codger
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fruit trees in containers

Has anyone tried growing dwarf fruit trees in containers? I'm redoing my garden and converting to raised beds i thought some nice fruit trees would look cool if i could grow in decorative containers. how big would the containers need to be? im trying to determine if this is a viable option or not. im thinking oranges pears and maybe apples.

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Diane
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https://www.gardeningknowhow.com/urban/dwarf-fruit-trees-a-planting-guide-for-fruit-trees-in-containers.htm

There is a short article here that tells you all about it. It says it is easy.
Good luck.
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applestar
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I'm not a fan of container growing (I'm just so bad at it :roll: ) so I'm not the best one to be giving an answer, and I'm sure more experienced folks will chip in, but I do have one caution: Being out in the open and above ground, the roots in the containers will suffer greater fluctuation of temperature. On the cold end of the thermal spectrum, the general rule of thumb is that in containers, it's at least 1 USDA Zone colder and safer to assume 2. Your choice of fruit trees may be affected accordingly.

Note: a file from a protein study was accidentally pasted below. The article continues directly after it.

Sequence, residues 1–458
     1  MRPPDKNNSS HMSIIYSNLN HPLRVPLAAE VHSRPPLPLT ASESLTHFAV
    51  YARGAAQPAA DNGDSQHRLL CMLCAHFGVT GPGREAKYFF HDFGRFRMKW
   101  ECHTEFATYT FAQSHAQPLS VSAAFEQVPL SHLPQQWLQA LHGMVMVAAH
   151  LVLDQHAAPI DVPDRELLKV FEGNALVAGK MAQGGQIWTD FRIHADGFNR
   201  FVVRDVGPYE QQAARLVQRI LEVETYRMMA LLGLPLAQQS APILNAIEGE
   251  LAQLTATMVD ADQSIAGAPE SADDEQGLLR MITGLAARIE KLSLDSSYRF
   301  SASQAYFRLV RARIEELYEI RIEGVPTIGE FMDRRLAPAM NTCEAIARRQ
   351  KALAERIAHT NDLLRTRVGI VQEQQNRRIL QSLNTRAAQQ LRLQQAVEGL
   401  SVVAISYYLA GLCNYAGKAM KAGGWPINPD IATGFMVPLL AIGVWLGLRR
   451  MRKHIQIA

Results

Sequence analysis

JONA878
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I'm with you Applestar.
If you are in an area that gets cold winters then you will allways have the problem of root damage and unless you have a very large container the rootstock will have to be of the most dwarfing kind or the pruning done with great care.
You will also in hot weather have the added burden of getting enough water into the plant to sustain a good crop.
I know of many people who have successfully grown very nice trees.....but there are many more who have great difficulty on troublesome years.
That said......if you don't have a go...you will never know.

Jona.
An apple a day.....keeps me in work.

codger
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well im in sacramento calif area we do get into the 20s once in a while during the winter. we definitly get some frost and freezing but no snow.